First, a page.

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Groenkloof Nature Reserve Map

About Groenkloof Nature Reserve

It’s rare that one can visit a major metropolis, then take a short bus ride to the outskirts of the city and be in a place where up close encounters with wild animals is possible. Pretoria in the Gauteng Province is privileged to be laid out in such a fashion; the Groenkloof Nature Reser... read more

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*All distances listed are as the crow flies, and not actual travel distances.

More info about Groenkloof Nature Reserve

It’s rare that one can visit a major metropolis, then take a short bus ride to the outskirts of the city and be in a place where up close encounters with wild animals is possible. Pretoria in the Gauteng Province is privileged to be laid out in such a fashion; the Groenkloof Nature Reserve south of the city was set aside as a nature reserve way back in 1895 specifically to preserve a species of buck. Today it’s a popular recreational venue for Pretoria residents who use it for all manner of outdoor activity.

In 1841, Lucas Bronkhorst settled here and named his farm Groenkloof. The spot was well chosen, as the Apies River ran through his land and the fertile soil ideal for farming. The farm was later used as a tree plantation before being taken over by the municipal authorities in 1994 who removed the alien vegetation and, over a 14 year period, stocked the reserve with animals that once naturally roamed the area. Zebra, ostrich, kudu, wildebeest, sable and giraffe were released into the reserve and now share the space with smaller mammals and plentiful birdlife.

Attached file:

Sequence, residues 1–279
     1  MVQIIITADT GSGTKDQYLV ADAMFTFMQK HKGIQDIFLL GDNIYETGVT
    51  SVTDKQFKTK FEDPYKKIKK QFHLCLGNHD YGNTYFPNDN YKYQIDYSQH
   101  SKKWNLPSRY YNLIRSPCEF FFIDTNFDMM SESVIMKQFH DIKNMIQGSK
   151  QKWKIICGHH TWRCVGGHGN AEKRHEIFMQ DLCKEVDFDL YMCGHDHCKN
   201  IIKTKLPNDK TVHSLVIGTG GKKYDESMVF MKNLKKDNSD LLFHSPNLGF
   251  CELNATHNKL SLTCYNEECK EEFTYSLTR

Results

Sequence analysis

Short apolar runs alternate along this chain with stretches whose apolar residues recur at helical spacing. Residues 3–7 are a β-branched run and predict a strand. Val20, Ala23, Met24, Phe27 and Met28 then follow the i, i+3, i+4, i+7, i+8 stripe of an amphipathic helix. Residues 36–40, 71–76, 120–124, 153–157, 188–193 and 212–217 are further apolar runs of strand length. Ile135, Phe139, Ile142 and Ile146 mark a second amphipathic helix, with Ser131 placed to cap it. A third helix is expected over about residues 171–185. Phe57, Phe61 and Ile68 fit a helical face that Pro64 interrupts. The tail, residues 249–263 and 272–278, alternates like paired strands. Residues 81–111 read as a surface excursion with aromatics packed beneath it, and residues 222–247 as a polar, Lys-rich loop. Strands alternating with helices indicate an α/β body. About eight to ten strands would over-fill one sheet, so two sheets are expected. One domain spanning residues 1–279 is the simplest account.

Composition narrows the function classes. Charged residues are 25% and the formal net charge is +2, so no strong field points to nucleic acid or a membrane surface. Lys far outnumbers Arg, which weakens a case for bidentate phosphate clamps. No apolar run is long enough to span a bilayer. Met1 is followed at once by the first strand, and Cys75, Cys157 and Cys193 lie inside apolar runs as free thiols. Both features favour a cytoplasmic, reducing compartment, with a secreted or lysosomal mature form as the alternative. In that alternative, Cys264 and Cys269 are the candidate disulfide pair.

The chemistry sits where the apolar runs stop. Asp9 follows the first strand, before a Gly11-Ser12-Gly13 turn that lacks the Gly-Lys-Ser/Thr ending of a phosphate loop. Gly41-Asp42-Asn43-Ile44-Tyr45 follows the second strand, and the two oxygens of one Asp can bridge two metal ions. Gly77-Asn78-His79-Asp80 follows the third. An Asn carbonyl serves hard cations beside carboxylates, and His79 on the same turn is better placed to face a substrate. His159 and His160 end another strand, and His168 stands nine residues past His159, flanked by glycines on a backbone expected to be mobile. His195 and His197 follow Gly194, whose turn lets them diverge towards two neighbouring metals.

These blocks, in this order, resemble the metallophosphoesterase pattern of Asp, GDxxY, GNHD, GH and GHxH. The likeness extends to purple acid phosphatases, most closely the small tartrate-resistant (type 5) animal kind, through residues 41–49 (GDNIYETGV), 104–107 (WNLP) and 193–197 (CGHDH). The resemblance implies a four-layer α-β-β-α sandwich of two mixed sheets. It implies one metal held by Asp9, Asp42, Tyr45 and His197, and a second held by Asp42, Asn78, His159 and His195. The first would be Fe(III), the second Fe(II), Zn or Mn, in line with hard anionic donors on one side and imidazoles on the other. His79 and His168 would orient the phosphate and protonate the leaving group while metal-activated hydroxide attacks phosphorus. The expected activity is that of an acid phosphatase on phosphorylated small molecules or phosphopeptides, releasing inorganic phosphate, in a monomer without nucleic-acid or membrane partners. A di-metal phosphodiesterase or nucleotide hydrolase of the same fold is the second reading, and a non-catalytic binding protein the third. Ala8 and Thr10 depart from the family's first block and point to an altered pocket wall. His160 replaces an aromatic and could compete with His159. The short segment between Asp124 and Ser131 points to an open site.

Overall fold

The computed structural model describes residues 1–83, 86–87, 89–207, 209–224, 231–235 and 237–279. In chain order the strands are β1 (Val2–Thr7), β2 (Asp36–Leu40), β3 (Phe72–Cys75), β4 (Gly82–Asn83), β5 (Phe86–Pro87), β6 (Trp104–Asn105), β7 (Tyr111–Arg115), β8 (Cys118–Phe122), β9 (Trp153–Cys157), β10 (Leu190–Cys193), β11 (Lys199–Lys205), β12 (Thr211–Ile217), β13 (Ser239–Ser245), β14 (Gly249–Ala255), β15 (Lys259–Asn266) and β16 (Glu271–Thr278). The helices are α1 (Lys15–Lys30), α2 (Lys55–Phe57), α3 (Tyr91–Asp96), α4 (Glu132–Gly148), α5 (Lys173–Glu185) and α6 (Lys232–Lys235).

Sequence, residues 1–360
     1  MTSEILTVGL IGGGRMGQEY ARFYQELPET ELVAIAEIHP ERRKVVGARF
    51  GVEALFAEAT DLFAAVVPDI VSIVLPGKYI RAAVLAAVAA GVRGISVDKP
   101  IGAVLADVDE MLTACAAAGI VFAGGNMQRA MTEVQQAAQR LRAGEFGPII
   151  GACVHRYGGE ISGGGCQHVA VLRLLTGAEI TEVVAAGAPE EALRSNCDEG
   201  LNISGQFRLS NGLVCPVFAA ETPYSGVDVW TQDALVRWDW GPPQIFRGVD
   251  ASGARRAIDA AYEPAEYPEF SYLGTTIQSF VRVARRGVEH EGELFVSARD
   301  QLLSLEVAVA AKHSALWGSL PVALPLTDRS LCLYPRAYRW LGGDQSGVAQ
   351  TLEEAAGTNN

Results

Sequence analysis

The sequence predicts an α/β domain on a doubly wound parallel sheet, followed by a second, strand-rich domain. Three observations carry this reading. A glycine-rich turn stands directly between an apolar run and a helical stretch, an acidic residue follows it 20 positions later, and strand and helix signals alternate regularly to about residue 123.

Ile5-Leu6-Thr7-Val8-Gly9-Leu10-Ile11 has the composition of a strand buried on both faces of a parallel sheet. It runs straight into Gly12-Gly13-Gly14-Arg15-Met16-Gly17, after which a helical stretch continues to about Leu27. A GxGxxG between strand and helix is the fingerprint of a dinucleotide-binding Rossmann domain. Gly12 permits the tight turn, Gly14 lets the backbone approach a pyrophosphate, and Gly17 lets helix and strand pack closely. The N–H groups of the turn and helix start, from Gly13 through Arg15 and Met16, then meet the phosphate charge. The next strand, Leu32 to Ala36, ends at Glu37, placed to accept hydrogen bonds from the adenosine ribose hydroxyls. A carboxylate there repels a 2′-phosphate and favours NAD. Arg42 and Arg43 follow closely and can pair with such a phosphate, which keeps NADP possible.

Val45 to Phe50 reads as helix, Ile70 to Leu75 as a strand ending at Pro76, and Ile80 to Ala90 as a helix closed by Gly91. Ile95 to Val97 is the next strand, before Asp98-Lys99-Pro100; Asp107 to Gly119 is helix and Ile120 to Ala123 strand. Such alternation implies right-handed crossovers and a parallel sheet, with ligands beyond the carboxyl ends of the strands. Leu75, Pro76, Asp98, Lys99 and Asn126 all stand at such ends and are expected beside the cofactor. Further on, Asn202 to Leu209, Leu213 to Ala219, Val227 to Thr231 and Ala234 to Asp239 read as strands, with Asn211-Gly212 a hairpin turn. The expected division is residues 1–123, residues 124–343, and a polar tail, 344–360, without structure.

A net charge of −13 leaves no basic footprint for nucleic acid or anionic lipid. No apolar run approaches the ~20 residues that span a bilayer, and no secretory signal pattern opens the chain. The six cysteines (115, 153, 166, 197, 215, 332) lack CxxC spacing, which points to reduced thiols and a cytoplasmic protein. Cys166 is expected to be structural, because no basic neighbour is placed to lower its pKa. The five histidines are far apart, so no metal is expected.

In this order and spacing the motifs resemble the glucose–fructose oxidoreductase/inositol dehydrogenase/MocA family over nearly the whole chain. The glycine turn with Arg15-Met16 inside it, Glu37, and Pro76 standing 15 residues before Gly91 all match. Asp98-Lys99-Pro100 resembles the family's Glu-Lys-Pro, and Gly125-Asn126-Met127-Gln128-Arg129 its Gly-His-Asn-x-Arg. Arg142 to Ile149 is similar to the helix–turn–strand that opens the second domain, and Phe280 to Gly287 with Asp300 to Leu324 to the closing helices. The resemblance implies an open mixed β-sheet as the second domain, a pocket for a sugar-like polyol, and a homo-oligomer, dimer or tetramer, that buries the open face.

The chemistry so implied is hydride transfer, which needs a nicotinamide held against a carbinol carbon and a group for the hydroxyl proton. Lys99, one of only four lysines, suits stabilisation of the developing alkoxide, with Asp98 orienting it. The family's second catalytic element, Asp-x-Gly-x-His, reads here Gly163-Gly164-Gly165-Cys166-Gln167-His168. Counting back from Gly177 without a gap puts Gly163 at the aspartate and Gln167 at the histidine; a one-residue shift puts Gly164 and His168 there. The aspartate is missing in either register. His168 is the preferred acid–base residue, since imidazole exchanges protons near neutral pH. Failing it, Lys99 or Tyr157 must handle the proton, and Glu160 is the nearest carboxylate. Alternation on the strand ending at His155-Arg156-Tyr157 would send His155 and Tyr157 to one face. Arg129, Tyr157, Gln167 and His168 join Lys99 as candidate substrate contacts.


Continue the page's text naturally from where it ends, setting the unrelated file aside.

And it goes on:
Groenkloof has a number of hiking, running and mountain bike trails that crisscross the reserve and typically one would pass several animals, most of which have become accustomed to humans travelling through the reserve, specifically zebra and ostrich who are naturally curious.

Over 100 species of bird have been recorded in the reserve and those to look out for are the two eagle types (black and brown snake) and the colourful waxbills.  

Picnickers can enjoy some downtime along the banks of the Apies River, while 4x4 enthusiasts take on the challenging 14km route laid out in the reserve

Guided horseback rides are available through park management and visiting school groups are fortunate enough to be given tractor rides through the reserve.

A small entrance fee is payable at the reserve gate and for the amount of entertainment on offer, it’s an absolute steal!